Now winter is starting to bite at our toes but the weather during autumn was pleasantly dry and bright which was so welcome for survey and fieldwork. During September the Marsh Fritillary survey was completed early as recommended by the Biodiversity Data Centre, who co-ordinate the survey around the country. Much to my dismay, there was no signs of webs at the two study sites. Maurice Simms confirmed he hadn’t seen any webs either. Perhaps it was too early for the west Donegal webs or else the Marsh Fritillaries have temporarily moved location. I came across webs in October at a new location where they haven’t been recorded from before.
October is all about the winter grazing agreements, gets the grazing plots ready for the cattle and horses. That means checking the fences are stock proof, the gates and locks are in working order and the signs are all intact. It is always an ideal time to visit the farmers who take the grazing and have a cup of tea and a catch up.
During October the good news came that the Greenland White fronted Goose study group would be able to fit satellite collars to some of the flock at Sheskinmore. So the preparation for that got underway during that month with visits from two of the group, Alyn Walsh, NPWS, Wexford and Tony Fox, Aarhus University, Denmark. They were pleased with the set up and its suitability as a catch site.
Two other researchers joined Alyn to carry out the fieldwork in mid November, they travelled from Missouri and Texas to fit the satellite collars to two females. Working on migratory birds requires the collaboration from experts based in many different countries, they also need to have migratory habits. The target was to catch two females and so it was a relief that the effort was a success. The goose feeding area was sparsely covered with barley and particularly where the canon net was set, in order to attract the flock into a particular spot. Two pairs of geese finally decided to feed on the barley in the catch area and the net could be caste.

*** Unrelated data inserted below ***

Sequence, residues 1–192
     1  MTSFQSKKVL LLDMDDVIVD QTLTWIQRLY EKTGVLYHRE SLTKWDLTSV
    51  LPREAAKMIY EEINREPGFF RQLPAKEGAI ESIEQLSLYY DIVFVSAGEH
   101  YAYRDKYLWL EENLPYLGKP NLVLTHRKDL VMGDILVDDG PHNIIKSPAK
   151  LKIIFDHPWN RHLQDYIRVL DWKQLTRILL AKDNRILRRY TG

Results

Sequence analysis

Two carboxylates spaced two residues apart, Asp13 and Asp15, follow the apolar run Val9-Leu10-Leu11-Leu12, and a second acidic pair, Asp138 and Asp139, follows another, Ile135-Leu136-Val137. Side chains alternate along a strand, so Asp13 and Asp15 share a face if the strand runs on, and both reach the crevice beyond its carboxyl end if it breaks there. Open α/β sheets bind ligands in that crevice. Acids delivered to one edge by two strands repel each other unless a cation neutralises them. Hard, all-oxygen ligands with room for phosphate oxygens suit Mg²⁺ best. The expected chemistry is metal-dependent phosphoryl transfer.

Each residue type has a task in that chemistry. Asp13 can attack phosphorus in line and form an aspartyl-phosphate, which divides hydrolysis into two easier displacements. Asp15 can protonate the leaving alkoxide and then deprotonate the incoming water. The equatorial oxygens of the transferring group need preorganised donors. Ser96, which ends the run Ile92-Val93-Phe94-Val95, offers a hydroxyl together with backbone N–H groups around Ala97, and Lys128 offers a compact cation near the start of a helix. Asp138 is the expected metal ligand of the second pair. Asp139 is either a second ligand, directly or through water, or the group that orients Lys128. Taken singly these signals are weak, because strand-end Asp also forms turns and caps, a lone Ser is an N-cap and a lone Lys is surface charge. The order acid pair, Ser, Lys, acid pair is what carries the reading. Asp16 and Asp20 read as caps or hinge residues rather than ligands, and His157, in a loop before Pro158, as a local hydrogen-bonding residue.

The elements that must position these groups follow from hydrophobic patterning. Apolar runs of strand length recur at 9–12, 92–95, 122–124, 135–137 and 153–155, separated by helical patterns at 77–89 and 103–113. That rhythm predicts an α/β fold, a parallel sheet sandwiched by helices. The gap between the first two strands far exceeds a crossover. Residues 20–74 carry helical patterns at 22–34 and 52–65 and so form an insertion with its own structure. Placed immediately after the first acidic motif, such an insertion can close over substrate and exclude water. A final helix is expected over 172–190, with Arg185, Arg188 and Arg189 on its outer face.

The two males were fitted with orange neck and leg rings and the females with the grey satellite collars. The birds were weighed and measured and released shortly after their capture. The females movements are recorded every day and is already returning new and useful information about the sites they use and their flight lines. As well as giving information on their location the collars will indicate whether the females are breeding or not when they return to Greenland. Other GWF flocks from the Swilly, the Midlands and the Wexford Slobs, as well as from Islay have also been successfully fitted with satellite collars. This research will gather information on the birds which will help to protect their wintering and breeding grounds as well as detect their breeding habits and contribute to understanding their breeding needs.